How can I create/run benchmarks for custom kernels in tensorflow? - benchmarking

There is already some functionality in tensorflow to create benchmarks which can be seen in action for example in the adjust contrast op benchmark. If I run this on my machine, however, I just get an empty output:
panmari#dingle:~/tensorflow$ bazel run //tensorflow/core:kernels_adjust_contrast_op_benchmark_test --test_output=all --cache_test_results=no -- --benchmarks=1000
INFO: Found 1 target...
Target //tensorflow/core:kernels_adjust_contrast_op_benchmark_test up-to-date:
INFO: Elapsed time: 10.736s, Critical Path: 8.71s.
INFO: Running command line: bazel-bin/tensorflow/core/kernels_adjust_contrast_op_benchmark_test '--benchmarks=1000'.
Running main() from
Benchmark Time(ns) Iterations
Is my invocation of wrong?

To invoke the benchmarks, run the following command (passing --benchmarks=all as the final argument):
$ bazel run -c opt //tensorflow/core:kernels_adjust_contrast_op_benchmark_test \
--test_output=all --cache_test_results=no -- --benchmarks=all
To run GPU benchmarks, you must pass --config=cuda to bazel and append _gpu to the name of the test target. For example:
$ bazel run -c opt --config=cuda \
//tensorflow/core:kernels_adjust_contrast_op_benchmark_test_gpu \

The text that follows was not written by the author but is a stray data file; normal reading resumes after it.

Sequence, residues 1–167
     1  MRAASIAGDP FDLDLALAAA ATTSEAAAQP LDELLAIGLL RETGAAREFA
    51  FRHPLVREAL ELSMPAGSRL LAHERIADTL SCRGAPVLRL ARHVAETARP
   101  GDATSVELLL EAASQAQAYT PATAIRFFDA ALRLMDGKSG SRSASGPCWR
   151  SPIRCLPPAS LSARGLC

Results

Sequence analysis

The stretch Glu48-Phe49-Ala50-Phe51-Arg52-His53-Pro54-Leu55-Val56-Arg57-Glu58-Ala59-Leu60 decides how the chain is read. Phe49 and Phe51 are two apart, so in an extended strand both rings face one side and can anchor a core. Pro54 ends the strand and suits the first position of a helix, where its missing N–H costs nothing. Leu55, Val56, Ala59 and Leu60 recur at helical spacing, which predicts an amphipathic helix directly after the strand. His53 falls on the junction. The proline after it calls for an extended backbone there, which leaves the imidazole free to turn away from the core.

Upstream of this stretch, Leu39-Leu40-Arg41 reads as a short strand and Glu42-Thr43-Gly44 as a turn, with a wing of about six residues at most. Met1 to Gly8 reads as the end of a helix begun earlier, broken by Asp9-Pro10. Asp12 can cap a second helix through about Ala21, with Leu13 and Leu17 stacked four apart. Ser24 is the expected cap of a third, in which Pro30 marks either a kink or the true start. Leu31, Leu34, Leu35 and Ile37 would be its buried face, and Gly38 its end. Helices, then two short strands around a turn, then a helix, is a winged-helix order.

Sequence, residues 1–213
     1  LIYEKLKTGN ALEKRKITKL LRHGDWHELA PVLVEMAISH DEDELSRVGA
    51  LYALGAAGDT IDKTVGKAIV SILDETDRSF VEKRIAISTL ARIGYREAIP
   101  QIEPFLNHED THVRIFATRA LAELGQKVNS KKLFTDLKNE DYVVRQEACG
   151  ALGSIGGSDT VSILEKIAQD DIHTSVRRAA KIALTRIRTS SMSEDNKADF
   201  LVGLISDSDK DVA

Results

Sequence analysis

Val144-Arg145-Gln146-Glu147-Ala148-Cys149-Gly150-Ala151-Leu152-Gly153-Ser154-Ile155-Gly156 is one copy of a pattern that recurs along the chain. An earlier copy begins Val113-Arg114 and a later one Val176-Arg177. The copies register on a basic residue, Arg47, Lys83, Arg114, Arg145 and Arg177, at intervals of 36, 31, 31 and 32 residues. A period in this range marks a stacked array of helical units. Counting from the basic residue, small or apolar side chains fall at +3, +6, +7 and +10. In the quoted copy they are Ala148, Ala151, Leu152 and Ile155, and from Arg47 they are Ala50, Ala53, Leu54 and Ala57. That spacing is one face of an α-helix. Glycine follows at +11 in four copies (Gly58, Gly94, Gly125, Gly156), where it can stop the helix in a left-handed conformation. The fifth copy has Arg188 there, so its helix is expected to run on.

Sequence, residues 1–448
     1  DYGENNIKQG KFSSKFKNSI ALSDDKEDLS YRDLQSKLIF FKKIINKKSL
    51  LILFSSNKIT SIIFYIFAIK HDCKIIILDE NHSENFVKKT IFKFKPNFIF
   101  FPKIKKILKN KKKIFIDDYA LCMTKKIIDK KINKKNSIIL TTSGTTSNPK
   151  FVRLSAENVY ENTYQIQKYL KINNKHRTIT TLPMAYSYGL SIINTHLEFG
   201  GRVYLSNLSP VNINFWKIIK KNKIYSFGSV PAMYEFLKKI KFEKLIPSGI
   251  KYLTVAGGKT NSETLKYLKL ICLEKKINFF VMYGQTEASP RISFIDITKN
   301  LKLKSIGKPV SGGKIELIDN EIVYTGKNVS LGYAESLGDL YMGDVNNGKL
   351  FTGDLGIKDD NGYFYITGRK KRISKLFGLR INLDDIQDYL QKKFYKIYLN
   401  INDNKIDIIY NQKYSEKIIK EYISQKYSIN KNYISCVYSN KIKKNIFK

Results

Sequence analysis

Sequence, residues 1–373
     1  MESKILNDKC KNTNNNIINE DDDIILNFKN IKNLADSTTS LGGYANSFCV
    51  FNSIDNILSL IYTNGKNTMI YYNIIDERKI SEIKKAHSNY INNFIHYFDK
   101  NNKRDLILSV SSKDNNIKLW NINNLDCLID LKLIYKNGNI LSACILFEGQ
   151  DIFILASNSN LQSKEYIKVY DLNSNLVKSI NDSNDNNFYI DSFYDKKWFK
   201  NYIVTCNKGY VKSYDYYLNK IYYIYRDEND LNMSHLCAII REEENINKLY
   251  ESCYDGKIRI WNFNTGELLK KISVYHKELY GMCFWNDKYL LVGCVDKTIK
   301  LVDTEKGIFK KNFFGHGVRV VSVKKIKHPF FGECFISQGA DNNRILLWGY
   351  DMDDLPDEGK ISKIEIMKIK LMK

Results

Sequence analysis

--test_output=all --cache_test_results=no -- --benchmarks=all


How to force fuzzing yield coverage data?

I'm using AFL++ 4.0c to fuzz my app. It basically wraps clang compiler too instrument my code with fuzzing shenanigans. As well I provide coverage flags:
--coverage -g -fprofile-instr-generate -fcoverage-mapping
Then I try to launch my app with fuzzer
env PARAM=paramstuff \ # setup some env
afl-fuzz -x dicts/dicts -f file.txt \ # setup afl flags
-i input -o output \ # input and output for afl
-- \
./myapp --flag --flag2 --flag3 # flags for my app
It fuzzes just fine, but coverage profile is written empty.
If some of my configuration is off and fuzzer fails to properly start the profile generated by coverage is not empty as well as .gcda output. How to allow fuzzer to trigger dump coverage as well?
if I launch my app with params profile also generated
Fuzzer works until stopped via CTRL+C. App stops the same way.
In my case AFL used fork server to fuzz parts of my app:
while (__AFL_LOOP(1000)) {
* regular code to fuzz goes here